Wednesday, April 17, 2024

Boosting savings among IDB 2014 priorities


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The Inter-American Development Bank (IDB) is on a mission to boost productivity, internal savings and investment this year in Barbados and other countries it finances. IDB president Luis Alberto Moreno voiced the intention in his year-end report to the bank’s board of executive directors, saying the organization would tackle various bottlenecks inhibiting success in the areas he identified.
He made the announcement while highlighting the fact that, according to preliminary data, the financial institution approved 167 financing packages worth US$14 billion last year. This sum was surpassed only by 2009’s US$15.9 billion, an allocation he said was made “in response to the global economic crisis”.
“A less favourable external environment, along with weak external demand over the mid-term and latent risks in international financial markets, will require the region to accelerate growth without depending on the external conditions that helped us in the past decade,” IDB President Luis Alberto Moreno said in a news release.
“Therefore, our priority is to increase potential output over the medium term through reforms focusing on bottlenecks that are restricting growth in productivity, internal savings and investment,” he added.
The president said 2013 was “marked by an external context that did not encourage a strong economic performance in Latin America and the Caribbean”.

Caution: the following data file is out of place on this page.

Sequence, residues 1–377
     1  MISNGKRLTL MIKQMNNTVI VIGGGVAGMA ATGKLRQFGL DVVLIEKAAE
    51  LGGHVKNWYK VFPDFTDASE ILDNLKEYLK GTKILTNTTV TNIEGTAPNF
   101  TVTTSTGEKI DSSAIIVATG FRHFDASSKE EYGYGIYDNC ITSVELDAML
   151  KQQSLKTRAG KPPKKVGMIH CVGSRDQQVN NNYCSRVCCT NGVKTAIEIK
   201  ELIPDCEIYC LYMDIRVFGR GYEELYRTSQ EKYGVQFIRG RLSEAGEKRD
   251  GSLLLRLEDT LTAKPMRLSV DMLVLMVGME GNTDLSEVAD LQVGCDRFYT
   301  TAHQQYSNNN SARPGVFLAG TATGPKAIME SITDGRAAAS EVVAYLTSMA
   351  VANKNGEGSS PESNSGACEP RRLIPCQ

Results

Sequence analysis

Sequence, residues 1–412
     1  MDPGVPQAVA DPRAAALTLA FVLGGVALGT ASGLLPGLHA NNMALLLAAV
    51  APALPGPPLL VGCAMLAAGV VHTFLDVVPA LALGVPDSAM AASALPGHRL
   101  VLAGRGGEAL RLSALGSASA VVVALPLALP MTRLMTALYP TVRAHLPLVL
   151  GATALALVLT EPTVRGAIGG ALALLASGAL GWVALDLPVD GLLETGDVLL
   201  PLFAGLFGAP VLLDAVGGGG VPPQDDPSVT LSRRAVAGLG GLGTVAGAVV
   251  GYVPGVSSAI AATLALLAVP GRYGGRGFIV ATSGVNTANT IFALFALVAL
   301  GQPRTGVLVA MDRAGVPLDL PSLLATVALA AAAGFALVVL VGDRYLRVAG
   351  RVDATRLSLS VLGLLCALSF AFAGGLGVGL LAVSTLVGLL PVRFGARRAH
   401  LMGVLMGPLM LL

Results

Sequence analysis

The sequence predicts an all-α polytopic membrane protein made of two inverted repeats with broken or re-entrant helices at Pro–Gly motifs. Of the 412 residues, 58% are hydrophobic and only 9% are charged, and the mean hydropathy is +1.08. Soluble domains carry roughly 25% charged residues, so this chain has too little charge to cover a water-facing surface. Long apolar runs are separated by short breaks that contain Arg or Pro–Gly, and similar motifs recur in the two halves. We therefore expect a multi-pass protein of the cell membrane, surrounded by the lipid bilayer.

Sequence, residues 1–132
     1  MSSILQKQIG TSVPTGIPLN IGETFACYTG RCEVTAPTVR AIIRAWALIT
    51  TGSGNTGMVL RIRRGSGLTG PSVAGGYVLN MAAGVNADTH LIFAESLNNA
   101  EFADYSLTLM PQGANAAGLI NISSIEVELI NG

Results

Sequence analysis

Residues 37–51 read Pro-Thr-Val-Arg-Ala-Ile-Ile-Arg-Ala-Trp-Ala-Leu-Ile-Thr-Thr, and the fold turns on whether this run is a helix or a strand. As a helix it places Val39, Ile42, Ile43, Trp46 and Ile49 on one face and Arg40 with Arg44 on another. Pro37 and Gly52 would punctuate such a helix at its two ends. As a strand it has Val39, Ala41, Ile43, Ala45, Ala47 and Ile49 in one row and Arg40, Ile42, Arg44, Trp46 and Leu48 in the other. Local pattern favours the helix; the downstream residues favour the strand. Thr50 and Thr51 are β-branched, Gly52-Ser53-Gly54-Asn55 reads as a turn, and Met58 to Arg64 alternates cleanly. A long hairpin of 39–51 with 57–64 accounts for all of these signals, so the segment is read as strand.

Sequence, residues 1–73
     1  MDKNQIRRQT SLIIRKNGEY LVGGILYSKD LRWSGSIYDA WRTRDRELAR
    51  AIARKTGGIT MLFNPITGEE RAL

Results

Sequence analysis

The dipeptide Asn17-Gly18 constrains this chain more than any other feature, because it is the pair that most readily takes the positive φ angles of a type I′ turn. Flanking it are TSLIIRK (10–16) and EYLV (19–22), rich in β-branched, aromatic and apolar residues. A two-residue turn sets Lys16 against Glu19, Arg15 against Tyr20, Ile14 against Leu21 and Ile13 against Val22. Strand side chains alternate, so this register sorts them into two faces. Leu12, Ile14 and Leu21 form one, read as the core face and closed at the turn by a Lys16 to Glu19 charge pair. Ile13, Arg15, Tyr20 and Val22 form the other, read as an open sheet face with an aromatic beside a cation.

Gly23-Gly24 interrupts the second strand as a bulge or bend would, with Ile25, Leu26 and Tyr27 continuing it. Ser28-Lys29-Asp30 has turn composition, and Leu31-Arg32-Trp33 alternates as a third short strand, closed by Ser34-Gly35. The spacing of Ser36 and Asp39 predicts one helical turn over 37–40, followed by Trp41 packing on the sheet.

The high degree of volatility that rattled international financial markets and the fall in prices for basic goods took a toll on the region’s GDP growth, which averaged 2.7 per cent. In 2014, the growth forecast for the economies of Latin America and the Caribbean as a whole is three per cent, he noted.
Moreno said the US$14 billion supplied by the IDB was for “new operations centred on high-priority sectors such as institutional development (37 per cent), infrastructure and the environment (33 per cent), social welfare programmes (21 per cent) and regional integration and overseas trade (nine per cent).
He noted that among the loans and guarantees approved in 2013, private-sector operations (without a sovereign guarantee) totalled US$2.1 billion.
In terms of the bank’s focus in Latin America and the Caribbean this year, Moreno cited the need to improve the quality of education, as seen in the region’s performance in the Programme for International Student Assessment (PISA) last year.
In the 2013 test of this international educational evaluation tool, Latin American youths did not perform nearly as well as students from other regions of the world.   
Moreno added that Latin America and the Caribbean needed to invest more in infrastructure, given the gap that existed in that area between the region and the world’s richest and most dynamic countries.
He said besides modernizing their highways, ports and airports, the countries of Latin America and the Caribbean must improve infrastructure and logistical services in order to lower transaction costs and make their industries more competitive. (SC/PR)


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